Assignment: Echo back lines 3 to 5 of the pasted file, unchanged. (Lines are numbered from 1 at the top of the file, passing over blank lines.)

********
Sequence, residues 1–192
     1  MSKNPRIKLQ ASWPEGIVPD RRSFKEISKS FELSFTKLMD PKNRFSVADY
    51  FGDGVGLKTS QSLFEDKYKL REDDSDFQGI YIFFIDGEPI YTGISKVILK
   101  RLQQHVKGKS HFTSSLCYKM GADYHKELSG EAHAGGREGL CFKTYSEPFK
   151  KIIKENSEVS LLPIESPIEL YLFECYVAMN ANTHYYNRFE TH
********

    51  FGDGVGLKTS QSLFEDKYKL REDDSDFQGI YIFFIDGEPI YTGISKVILK
   101  RLQQHVKGKS HFTSSLCYKM GADYHKELSG EAHAGGREGL CFKTYSEPFK
   151  KIIKENSEVS LLPIESPIEL YLFECYVAMN ANTHYYNRFE TH